In some cases, someone could overwrite a pv header configuration on a disk, or write a disk device that is one path to a multipath device.

Is there a way to recovery this mistake?

Surely yes, LVM pvcreate command write the header configuration on the physical volume, there is no format action. The vgdisplay command will show no problem until the system is rebooted or the original volume group is reactivated.

Here is how

Assume that accidentally the pvcreate -f command was run on the /dev/sdaa physical volume, that is an alternate path of /dev/sdbb, they both pointing to a multipath device /dev/mpath24.

The vgdisplay command shows two disks, both are available, the current and active PV shows the same number (2).

When the server was rebooted, LVM was not able to understand the configuration and the problem reveals itself.

Recovery steps

The following procedure will require a valid prior LVM volume group configuration file and also a map file.

1. Make sure the volume group is deactivated(may not needed if the server rebooted already).

# vgchange -a n /dev/<vgname>
Volume group "<vgname>" has been successfully changed.

2. Verify the PV list in the configuration file shows the previous configuration.

# vgcfgrestore -f /dev/lvmconf/<vgname>.conf.old
Volume Group Configuration information in "<vgname>.conf.old"
VG Name /dev/<vgname>
 ---- Physical volumes : 1 ----
    /dev/mapper/mpath24 (Non-bootable)

3. Restore the VG header information from previous configuration file. It should be restore to the old physical volume.

# vgcfgrestore -f /etc/lvmconf/<vgname>.conf.old /dev/mapper/mpath24
Volume Group configuration has been restored to /dev/mapper/mpath24

4. Remove VG configuration out of the lvmtab.

# vgexport /dev/<vgname>

5. Recreate VG directory:

# mkdir /dev/<vgname>

6. Recreate the volume group "group" node file. Remember that the minor number must be unique.

# mknod /dev/<vgname>/group c 64 0x0#0000

7. Reimport the volume group. LV structures will be recover from map file.

# vgimport -m /tmp/<vgname>.map /dev/<vgname> /dev/mapper/mpath24
Warning: A backup of this volume group may not exist on this machine.
Please remember to take a backup using the vgcfgbackup command after activating the volume group.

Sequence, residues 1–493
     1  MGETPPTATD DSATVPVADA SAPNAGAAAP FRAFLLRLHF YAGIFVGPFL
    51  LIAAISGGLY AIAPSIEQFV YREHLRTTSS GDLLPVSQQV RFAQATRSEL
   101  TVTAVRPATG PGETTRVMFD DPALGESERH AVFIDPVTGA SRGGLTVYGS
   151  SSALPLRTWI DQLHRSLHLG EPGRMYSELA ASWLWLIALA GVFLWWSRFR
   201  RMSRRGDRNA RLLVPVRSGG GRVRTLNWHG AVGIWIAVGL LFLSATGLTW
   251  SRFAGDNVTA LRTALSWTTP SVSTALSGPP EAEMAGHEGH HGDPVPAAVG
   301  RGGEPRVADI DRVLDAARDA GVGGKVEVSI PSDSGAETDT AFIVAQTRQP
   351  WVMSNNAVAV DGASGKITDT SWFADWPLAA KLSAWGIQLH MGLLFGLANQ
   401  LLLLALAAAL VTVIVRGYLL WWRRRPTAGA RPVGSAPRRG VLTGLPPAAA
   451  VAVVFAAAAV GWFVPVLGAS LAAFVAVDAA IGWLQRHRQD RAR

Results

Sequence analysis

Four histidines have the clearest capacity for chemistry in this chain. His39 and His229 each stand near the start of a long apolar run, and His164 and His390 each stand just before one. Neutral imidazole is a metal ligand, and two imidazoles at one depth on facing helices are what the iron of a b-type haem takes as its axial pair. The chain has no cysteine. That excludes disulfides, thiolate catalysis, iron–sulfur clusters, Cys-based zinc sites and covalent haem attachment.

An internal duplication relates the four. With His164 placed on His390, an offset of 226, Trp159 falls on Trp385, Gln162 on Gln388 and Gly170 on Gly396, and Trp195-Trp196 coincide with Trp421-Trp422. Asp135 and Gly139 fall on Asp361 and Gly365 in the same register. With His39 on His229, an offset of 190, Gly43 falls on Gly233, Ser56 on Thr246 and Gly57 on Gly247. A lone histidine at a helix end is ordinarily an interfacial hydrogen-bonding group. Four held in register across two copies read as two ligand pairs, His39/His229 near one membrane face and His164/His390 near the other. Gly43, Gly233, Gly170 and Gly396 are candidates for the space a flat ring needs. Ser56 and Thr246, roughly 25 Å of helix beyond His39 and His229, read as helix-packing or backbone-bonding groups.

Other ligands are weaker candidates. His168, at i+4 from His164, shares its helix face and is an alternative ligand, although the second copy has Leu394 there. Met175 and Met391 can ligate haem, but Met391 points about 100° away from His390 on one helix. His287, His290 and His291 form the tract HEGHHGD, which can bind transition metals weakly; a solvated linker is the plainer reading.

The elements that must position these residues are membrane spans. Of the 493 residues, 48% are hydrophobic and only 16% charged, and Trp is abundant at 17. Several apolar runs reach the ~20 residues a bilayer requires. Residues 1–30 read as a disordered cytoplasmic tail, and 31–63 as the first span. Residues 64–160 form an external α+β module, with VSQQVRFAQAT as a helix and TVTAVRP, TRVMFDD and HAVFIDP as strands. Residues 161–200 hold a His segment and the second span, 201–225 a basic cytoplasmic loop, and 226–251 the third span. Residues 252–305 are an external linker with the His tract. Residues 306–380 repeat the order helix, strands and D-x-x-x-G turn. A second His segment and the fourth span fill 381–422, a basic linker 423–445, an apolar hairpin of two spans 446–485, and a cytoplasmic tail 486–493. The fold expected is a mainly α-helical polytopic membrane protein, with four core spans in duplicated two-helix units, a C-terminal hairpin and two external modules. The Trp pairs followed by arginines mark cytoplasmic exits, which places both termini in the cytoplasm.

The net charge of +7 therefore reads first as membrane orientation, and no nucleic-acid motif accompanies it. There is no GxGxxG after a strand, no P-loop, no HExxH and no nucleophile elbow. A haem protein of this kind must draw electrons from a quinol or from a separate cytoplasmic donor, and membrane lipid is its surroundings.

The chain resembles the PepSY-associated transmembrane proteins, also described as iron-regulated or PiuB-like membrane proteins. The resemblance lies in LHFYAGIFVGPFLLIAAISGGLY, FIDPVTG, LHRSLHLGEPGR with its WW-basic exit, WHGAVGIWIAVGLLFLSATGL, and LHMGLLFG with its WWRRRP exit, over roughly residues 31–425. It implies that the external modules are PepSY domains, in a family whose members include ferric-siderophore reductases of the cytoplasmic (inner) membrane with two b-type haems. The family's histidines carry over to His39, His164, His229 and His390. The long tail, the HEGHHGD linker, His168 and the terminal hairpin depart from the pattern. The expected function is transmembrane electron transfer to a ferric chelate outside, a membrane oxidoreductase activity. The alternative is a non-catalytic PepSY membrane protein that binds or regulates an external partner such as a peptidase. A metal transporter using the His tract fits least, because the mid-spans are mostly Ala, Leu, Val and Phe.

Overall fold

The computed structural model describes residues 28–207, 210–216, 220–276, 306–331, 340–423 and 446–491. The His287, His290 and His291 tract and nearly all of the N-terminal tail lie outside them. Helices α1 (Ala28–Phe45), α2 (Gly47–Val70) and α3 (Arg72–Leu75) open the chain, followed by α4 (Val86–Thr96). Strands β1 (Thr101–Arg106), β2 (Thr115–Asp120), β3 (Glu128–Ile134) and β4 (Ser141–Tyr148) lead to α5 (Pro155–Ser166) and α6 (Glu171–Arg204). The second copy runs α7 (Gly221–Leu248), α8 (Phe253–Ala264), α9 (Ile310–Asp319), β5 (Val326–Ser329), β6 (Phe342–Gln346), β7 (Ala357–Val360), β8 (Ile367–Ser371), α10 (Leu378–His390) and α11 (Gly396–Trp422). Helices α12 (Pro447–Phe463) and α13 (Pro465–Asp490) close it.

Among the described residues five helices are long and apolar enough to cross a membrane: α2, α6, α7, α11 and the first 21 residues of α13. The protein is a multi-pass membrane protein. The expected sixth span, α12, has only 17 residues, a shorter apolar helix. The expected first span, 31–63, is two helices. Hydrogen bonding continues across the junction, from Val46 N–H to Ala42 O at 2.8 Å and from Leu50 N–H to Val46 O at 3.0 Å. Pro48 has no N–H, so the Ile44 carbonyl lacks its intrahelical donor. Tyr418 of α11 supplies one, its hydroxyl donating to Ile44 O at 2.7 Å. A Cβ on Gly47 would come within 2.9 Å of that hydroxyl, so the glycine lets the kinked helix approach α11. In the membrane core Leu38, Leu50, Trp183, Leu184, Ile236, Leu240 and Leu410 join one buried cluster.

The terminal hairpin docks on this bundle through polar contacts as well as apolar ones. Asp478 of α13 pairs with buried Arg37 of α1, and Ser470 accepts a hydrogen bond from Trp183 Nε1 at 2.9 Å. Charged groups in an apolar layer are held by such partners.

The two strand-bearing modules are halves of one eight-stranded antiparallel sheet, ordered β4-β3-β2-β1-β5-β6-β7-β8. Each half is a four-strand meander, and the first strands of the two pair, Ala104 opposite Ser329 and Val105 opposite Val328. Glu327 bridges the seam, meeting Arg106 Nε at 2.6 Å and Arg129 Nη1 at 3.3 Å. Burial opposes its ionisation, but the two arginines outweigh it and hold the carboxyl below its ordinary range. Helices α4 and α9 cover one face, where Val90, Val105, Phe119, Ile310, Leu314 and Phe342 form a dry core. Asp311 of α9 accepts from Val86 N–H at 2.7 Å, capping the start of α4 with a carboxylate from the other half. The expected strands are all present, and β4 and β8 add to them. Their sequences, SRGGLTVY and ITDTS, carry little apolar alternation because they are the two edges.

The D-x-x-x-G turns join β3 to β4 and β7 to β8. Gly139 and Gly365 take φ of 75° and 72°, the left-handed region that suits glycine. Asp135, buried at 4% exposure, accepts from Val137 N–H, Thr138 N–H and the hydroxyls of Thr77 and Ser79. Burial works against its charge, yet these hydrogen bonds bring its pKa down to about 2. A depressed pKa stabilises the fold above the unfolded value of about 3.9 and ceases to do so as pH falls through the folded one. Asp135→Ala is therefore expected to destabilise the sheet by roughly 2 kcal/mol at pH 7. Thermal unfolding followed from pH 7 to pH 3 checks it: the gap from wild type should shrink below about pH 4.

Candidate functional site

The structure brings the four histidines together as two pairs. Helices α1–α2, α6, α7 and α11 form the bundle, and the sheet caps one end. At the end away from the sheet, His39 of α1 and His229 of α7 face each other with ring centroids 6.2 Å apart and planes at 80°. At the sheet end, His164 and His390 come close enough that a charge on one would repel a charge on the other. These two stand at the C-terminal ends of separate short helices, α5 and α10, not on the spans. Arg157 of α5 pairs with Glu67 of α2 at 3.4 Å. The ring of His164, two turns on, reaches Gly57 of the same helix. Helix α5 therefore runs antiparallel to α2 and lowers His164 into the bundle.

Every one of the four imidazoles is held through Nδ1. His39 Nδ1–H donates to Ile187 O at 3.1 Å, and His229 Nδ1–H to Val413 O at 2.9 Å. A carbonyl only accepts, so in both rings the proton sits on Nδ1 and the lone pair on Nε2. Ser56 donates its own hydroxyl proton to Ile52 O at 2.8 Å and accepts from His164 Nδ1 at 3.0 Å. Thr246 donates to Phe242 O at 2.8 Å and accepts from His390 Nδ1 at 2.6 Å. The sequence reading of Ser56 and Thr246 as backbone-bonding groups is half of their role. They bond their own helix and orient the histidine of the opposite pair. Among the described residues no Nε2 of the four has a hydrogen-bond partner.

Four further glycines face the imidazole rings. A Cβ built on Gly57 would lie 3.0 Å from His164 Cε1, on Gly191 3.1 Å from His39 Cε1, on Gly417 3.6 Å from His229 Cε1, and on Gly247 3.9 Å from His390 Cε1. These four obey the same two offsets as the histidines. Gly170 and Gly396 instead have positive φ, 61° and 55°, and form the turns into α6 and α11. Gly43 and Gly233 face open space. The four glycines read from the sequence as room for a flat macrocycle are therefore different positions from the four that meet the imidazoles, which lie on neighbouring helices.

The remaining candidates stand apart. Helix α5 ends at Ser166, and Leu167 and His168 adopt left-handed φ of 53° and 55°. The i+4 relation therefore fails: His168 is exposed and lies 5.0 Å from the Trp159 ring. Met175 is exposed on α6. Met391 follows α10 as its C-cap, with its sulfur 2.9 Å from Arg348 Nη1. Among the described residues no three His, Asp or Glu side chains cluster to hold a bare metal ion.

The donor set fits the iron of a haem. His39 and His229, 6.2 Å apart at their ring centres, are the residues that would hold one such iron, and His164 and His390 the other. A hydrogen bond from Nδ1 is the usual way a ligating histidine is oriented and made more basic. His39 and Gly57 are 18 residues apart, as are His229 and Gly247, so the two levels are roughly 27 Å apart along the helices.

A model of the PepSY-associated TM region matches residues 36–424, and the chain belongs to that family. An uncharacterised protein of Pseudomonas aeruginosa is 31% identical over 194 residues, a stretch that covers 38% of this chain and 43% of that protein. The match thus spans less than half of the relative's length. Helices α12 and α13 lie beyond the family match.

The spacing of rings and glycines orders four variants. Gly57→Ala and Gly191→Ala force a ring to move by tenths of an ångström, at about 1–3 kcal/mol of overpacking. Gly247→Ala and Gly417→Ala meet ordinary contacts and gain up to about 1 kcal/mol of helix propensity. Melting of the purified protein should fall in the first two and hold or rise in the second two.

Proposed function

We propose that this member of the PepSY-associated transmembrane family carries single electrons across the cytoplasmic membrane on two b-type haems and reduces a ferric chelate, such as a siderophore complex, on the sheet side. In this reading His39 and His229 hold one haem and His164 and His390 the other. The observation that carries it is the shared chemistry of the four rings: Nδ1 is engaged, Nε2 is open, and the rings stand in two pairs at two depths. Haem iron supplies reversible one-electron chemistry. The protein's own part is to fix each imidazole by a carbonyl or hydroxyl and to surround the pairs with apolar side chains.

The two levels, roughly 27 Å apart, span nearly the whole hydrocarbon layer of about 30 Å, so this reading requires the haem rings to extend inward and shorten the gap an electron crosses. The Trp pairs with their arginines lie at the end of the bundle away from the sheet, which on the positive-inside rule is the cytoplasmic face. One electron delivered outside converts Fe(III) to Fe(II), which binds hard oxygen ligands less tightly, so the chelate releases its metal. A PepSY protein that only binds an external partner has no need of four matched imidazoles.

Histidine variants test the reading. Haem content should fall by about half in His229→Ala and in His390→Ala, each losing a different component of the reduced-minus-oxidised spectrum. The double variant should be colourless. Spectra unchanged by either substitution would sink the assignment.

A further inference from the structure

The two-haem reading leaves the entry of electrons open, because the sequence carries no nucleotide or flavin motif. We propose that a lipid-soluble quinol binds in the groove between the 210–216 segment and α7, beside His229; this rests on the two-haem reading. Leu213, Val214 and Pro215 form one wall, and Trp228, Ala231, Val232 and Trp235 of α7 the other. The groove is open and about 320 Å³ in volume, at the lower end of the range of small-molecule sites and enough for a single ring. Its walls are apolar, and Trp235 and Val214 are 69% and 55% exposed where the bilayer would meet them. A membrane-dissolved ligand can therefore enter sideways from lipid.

8. Reactivate volume group. Some warning messages may be received.

# vgchange -a y /dev/<vgname>
Volume group "<vgname>" has been successfully changed.

9. Verify the current LVM configuration. Some parameters to check are current and active PV number (both should be the same), the Used PVs parameter for each logical volume and the status of the PV (Should be available):

 # vgdisplay -v /dev/<vgname>
 --- Volume groups ---
 VG Name                     /dev/<vgname>
 VG Write Access             read/write
 VG Status                   available
 Max LV                      255
 Cur LV                      1
 Open LV                     1
 Max PV                      16
 Cur PV                      1
 Act PV                      1
 Max PE per PV               1000
 VGDA                        2
 PE Size (Mbytes)            4
 Total PE                    1000
 Alloc PE                    100
 Free PE                     900
 Total PVG                   0
 Total Spare PVs             0
 Total Spare PVs in use      0
    --- Logical volumes ---
    LV Name                     /dev/<vgname>/lv01
    LV Status                   available/syncd
    LV Size (Mbytes)            400
    Current LE                  100
    Allocated PE                100
    Used PV                     1
    --- Physical volumes ---
    PV Name                     /dev/mpath24
    PV Status                   available
    Total PE                    1000
    Free PE                     900
    Autoswitch                  On
    Proactive Polling           On